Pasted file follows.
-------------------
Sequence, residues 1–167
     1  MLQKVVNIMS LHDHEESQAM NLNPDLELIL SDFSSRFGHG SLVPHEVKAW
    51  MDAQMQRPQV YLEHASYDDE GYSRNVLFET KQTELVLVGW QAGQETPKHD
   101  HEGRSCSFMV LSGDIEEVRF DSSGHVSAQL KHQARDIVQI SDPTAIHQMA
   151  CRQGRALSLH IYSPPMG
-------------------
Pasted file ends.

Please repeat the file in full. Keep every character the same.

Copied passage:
Sequence, residues 1–167
     1  MLQKVVNIMS LHDHEESQAM NLNPDLELIL SDFSSRFGHG SLVPHEVKAW
    51  MDAQMQRPQV YLEHASYDDE GYSRNVLFET KQTELVLVGW QAGQETPKHD
   101  HEGRSCSFMV LSGDIEEVRF DSSGHVSAQL KHQARDIVQI SDPTAIHQMA
   151  CRQGRALSLH IYSPPMG